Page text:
NotesFAQContact Us
Search Tips
ERIC Number: ED494976
Record Type: Non-Journal
Publication Date: 2005
Pages: 106
Abstractor: Author
The Effects of a Cognitive-Based Intervention on Drug Awareness in Private School Preadolescent Students
Parsons, Phyllis M.
Online Submission
The effects of a Cognitive-Based Intervention on Drug Awareness in Private School Preadolescent Students. Parsons, Phyllis M., 2005: Applied Dissertation, Nova Southeastern University, Fischler School of Education and Human Services. Adolescents/Substance Abuse/Prevention/Family Influence/Drug Education. This applied dissertation was designed to provide preadolescent children in a home-based setting with information about the dangers of drugs as well as to provide them with resistance skills to help them remain healthy and drug free. The school's curriculum did not include a drug education program although there was the likelihood that students might be exposed to many at-risk situations. The writer utilized the Too Good for Drugs (Mendez Foundation, 2004) curriculum (Grade 7), a 10-lesson school-based prevention program designed to reduce risk factors and enhance protective factors related to alcohol, tobacco and other drugs. She conducted workshops for teachers and parents that promoted a participatory approach to help teachers and parents acquire the requisite skills that would enable them to address the topic competently with their students and children respectively. At the end of the intervention, parents and teachers were to confirm that the requisite information was provided to the students thereby (a) reducing their risk for drug initiation and use and (b) providing them with tools to deal with peer pressure to use drugs. Based on parents' exposure to drug-related information by way of attendance at a planned workshop, students were to confirm whether or not access to such information impacted parent/child discussion about drugs. An analysis of the data suggested that although the program largely achieved its objectives, getting parents to discuss drug-related matters with their children might require another type of approach. Appended are: (1) Principal Interview Questions; (2) Teachers' Interview Questions; (3) Health Science Teacher Interview Questions; (4) Drug Awareness Questionnaire; (5) Midpoint Test, Marijuana Myths or Facts; and (6) Monthly Quizzes 1-4. (Contains 3 tables.) [Ed.D. Dissertation, Nova Southeastern University.]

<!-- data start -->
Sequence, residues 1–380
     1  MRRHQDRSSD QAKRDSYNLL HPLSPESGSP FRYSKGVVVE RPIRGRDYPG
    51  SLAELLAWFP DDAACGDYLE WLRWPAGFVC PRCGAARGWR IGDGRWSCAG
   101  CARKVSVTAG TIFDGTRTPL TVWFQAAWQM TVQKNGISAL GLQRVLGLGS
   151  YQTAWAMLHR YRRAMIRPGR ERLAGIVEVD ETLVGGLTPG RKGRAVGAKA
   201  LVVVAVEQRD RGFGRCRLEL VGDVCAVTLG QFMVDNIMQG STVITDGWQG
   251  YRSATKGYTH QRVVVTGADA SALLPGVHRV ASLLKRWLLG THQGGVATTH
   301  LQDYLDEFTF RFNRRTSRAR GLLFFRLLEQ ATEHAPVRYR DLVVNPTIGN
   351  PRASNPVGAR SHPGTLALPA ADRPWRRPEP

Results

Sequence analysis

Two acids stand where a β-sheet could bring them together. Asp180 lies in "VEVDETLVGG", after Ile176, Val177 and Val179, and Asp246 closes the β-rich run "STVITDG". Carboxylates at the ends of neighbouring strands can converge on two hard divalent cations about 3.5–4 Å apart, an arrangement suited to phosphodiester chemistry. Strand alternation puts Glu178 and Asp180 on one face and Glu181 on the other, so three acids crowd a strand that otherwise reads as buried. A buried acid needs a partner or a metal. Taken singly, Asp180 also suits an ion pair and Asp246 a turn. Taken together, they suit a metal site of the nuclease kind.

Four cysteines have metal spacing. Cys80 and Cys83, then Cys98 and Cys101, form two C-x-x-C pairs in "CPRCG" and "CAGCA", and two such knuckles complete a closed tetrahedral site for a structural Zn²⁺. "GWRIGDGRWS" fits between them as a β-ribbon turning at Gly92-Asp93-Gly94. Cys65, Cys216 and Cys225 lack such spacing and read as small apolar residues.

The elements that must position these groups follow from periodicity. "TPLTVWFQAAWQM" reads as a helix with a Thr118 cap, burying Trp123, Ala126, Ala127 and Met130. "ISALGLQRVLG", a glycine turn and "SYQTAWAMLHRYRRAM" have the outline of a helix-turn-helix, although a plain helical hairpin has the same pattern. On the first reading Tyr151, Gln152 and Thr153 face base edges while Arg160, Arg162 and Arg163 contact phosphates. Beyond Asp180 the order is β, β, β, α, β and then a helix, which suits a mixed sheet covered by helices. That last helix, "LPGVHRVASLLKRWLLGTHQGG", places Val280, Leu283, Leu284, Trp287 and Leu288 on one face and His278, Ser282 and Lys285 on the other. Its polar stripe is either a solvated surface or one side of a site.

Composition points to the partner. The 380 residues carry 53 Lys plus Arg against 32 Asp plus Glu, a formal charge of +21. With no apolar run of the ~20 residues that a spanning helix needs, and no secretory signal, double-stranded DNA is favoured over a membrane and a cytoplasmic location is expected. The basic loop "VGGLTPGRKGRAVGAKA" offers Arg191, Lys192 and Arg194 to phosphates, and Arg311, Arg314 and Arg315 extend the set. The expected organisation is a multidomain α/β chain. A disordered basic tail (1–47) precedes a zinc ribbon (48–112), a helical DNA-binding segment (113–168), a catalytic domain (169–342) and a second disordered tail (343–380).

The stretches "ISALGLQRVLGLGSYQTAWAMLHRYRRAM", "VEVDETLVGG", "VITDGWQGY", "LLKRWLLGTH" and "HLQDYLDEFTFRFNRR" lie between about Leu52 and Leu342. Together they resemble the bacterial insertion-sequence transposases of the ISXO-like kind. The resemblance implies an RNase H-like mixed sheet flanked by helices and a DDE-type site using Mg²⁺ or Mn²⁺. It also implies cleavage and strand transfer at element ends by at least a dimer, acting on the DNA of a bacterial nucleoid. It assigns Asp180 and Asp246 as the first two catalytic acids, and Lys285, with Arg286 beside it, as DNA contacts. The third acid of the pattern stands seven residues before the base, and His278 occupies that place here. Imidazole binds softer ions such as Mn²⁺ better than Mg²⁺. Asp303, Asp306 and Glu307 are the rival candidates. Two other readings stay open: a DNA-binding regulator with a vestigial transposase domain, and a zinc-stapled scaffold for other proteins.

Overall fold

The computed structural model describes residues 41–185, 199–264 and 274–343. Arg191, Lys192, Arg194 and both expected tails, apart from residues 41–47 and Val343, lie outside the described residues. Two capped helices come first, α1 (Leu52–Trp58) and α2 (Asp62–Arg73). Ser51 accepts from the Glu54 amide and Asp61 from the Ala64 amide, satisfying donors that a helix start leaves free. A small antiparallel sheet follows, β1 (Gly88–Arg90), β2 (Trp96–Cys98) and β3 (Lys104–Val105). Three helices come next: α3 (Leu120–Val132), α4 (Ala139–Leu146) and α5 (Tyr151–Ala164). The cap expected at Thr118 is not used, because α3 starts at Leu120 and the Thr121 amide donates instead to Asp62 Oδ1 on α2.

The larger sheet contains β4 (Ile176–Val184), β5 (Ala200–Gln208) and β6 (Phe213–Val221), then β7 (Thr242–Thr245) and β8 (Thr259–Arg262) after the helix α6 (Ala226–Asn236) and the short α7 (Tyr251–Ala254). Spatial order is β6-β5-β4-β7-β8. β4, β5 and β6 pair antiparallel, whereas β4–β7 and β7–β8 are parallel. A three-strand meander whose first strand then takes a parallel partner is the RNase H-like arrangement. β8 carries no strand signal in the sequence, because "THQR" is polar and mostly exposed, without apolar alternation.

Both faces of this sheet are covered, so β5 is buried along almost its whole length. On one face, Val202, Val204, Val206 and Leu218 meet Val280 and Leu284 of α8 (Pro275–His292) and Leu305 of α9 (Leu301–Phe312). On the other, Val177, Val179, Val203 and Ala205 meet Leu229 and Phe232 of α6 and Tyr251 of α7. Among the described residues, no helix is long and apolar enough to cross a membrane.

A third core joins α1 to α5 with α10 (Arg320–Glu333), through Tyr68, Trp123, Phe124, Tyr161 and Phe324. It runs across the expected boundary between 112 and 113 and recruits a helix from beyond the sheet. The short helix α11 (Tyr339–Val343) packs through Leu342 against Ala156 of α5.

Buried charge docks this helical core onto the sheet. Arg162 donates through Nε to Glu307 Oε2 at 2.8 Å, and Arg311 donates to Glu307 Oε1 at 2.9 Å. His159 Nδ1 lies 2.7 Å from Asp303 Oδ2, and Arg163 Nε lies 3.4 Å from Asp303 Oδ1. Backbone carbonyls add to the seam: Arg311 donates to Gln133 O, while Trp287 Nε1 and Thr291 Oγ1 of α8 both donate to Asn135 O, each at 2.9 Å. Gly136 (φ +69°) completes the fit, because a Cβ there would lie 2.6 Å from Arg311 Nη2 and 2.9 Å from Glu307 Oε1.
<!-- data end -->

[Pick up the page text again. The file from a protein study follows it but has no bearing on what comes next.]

Publication Type: Dissertations/Theses - Doctoral Dissertations; Tests/Questionnaires
Education Level: Grade 7
Audience: N/A
Language: English
Sponsor: N/A
Authoring Institution: N/A
Grant or Contract Numbers: N/A